The least harmful alternative is partial debt repudiation — in other words, defaulting on some of the debt. Think about what that means for a moment. (Really, take a moment and think about it.) We have spent so much that we cannot pay back our creditors. As I read in Rothbard's History, we have been in this position before. Here is how Rothbard reports Americans' reaction to public debt in the 1840s:

The British noted in wonder that the average American was far more concerned about his personal debts to other individuals and banks than about the debts of his state. In fact, the people were quite willing to have the states repudiate their debts outright. Demonstrating an astute perception of the reckless course the states had taken, the typical American response to the problem, "Suppose foreign capitalists did not lend any more to the states?" was the sharp retort, "Well who cares if they don't? We are now as a community heels over head in debt and can scarcely pay the interest." (p. 102)

The same can be said today. Should we really feel bad for those who have purchased government bonds? They are the ones who have been feeding the monstrously reckless actions of the government. When they get (partially) burned, will they be willing to finance more government debt? Of course not. Suppose the Chinese decide not to lend any more to the US government. Is this really so bad? The government would have to deal with its future overspending.

Fundamentally, there is the issue of justice. Some people loaned the government their money for a return. Why should they have assumed that there was zero risk? When I invest in any other venture, there is always default risk. Why should the creditor to the government get to live under different rules?

Furthermore, why should the average American be punished through higher taxes or a devalued currency for the politicians' inability to restrain spending? As Mises once pointed out, it is like hitting a pedestrian with your truck (the impact of the initial governmental spending) and then trying to undo the problem by putting the truck into reverse and running the guy over again. All to make it better! The economy was already distorted by the initial spending, and then the problem is compounded by funding the spending. Additionally, politicians spend these funds on projects designed to keep themselves in power. Even the programs wrapped in the cloak of magnanimity, like welfare and social security, are designed to make us dependent on the government and their reelection.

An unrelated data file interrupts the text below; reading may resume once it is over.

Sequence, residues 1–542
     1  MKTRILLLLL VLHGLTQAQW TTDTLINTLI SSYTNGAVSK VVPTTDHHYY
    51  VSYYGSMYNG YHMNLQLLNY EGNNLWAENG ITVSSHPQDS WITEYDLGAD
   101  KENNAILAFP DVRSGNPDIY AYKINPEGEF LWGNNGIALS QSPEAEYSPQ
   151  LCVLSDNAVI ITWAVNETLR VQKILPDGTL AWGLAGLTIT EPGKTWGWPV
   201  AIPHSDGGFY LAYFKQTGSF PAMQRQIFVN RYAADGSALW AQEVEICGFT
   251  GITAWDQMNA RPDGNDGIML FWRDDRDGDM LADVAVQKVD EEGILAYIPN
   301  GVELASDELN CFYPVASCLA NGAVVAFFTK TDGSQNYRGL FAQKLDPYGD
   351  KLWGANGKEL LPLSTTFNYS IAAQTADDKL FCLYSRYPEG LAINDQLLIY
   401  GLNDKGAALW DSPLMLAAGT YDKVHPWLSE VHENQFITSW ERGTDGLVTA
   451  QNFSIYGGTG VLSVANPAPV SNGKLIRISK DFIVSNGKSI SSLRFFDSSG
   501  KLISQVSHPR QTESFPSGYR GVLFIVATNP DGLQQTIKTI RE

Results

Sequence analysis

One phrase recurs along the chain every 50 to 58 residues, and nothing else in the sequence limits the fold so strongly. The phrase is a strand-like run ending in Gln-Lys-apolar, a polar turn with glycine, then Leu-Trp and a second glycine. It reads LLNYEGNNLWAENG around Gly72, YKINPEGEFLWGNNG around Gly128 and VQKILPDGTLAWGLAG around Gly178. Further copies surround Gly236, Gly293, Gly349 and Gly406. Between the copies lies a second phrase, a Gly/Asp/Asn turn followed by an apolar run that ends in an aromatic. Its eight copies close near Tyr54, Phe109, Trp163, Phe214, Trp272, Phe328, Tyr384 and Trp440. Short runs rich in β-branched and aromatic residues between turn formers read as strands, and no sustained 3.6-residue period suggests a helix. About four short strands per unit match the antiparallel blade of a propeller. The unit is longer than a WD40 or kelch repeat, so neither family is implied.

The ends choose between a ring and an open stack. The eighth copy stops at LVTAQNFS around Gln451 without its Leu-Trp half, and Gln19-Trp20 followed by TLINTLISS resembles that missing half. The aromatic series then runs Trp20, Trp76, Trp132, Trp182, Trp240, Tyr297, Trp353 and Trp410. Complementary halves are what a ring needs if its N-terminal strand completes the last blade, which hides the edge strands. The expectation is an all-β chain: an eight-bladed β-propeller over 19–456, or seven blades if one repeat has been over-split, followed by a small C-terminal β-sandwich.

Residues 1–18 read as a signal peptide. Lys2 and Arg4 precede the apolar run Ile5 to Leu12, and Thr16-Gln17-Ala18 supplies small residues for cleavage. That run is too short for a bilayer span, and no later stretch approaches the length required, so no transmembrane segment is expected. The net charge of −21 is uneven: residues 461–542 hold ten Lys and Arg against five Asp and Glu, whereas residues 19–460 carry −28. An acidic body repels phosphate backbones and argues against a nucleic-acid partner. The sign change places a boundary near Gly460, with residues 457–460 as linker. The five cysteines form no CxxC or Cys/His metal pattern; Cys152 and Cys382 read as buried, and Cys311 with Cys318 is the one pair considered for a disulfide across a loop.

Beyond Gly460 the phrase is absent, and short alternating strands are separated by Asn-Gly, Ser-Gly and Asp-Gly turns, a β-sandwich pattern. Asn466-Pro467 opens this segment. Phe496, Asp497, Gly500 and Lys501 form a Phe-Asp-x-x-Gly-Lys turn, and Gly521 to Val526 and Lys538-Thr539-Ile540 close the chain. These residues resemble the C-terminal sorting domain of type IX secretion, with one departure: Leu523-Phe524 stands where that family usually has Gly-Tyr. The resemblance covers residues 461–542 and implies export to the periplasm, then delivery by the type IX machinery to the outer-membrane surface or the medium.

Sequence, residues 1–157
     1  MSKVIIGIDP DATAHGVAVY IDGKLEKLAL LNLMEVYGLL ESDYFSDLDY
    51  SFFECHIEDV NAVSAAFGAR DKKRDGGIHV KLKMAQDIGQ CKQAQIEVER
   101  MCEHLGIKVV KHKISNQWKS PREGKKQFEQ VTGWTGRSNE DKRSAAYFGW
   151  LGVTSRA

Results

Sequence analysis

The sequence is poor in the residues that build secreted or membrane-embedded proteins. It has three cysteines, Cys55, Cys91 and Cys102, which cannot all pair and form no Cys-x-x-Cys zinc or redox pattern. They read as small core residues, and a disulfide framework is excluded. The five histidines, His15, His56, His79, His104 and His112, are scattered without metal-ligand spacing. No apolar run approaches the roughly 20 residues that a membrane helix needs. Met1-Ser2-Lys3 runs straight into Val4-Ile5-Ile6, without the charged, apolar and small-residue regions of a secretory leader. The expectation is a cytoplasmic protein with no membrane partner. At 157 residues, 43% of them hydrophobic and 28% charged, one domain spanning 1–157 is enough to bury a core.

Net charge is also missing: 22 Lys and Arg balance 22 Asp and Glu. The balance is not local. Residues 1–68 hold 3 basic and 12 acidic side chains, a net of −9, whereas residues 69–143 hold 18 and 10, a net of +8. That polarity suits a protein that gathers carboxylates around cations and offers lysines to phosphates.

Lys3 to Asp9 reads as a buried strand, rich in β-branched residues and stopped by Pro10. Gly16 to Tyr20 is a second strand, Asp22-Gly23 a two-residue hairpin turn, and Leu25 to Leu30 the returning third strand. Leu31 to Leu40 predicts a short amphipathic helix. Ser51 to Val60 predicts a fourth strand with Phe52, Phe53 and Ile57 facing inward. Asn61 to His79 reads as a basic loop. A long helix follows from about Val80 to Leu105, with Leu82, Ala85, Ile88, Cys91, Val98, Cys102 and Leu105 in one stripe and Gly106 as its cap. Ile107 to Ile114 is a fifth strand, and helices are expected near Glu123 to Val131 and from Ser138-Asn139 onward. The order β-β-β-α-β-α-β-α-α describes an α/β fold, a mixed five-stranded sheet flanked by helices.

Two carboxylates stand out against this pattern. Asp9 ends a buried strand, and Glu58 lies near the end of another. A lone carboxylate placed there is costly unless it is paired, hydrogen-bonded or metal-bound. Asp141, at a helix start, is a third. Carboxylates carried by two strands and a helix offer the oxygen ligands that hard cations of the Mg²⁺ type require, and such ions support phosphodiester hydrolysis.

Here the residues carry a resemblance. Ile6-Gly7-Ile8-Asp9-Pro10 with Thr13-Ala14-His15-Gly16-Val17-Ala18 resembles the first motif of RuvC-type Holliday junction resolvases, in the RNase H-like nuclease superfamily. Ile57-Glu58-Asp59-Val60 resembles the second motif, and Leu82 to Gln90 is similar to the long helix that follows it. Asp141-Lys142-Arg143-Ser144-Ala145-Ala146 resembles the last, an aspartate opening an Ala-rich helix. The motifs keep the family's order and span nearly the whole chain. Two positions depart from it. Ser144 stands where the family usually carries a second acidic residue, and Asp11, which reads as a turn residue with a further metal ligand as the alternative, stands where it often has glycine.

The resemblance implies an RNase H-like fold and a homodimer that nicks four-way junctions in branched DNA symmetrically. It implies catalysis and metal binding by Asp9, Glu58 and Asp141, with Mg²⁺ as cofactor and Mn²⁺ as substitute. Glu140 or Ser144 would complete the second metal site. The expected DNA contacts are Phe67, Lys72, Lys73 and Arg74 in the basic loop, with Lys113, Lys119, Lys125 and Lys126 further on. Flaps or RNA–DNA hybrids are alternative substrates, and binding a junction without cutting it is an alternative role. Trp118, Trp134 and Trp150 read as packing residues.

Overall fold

Rothbard's History demonstrates how the repudiations of the 1830s and '40s did not cause the sky to fall. In fact, the return to sound money coupled with a liberalization of the economy spurred a tremendous amount of growth. Rothbard explains:

It is evident, then, that the 1839–1843 [monetary] contraction was healthful for the economy in liquidating unsound investments, debts, and banks, including the pernicious Bank of the United States. But didn't the massive deflation have catastrophic effects — on production, trade, and employment, as we have been led to believe? In a fascinating analysis and comparison with the deflation of 1929–1933 a century later, Professor Temin shows that the percentage of deflation over the comparable four years (1839–1843 and 1929–1933) was almost the same. Yet the effects on real production of the two deflations were very different. Whereas in 1929–1933, real gross investment fell catastrophically by 91 percent, real consumption by 19 percent, and real GNP by 30 percent; in 1839–1843, investment fell by 23 percent, but real consumption increased by 21 percent and real GNP by 16 percent. (p. 103)

So how much should we repudiate? I don't know. The amount should be big enough to scare reality into the investors of US Treasuries (and hopefully politicians), but not too big that it wipes out the retirement funds of those looking for the "safe" investment. Perhaps the Treasury should declare that they will pay 80 cents on the dollar, but that just rolls the clock back a few years (back only to $11.4 trillion!).

The sad reality is that without fundamentally changing the way the government spends, there is no solution. The four largest expenditures made by the government are, from greatest to least, (1) Social Security, (2) Medicare and Medicaid, (3) defense, and (4) welfare. We can't really print our way out of the mess, because Social Security payments, etc., are indexed to the CPI. We can't grow our way out either, because they're also linked to growth rates.

So repudiation is not a complete solution. It is a part of an overall solution of (real) spending cuts, economic growth, and debt repudiation.

It is clear that we cannot continue on this path. Politicians are like water — they follow the path of least resistance. Politicians will try to avoid making a decision, and the longer they delay, the worse the problem becomes. The reality is that there are no more fixes to be done. We are out of financial gimmicks. The day of financial reckoning is upon us; maybe we can kick the can down the road another election or two, but be prepared for higher taxes, currency devaluation, and possibly debt repudiation.


Contact Paul F. Cwik

Paul Cwik is Professor of Economics and Finance at the University of Mount Olive and Teaching Professor of the BB&T courses in Free Market Economics at North Carolina State University.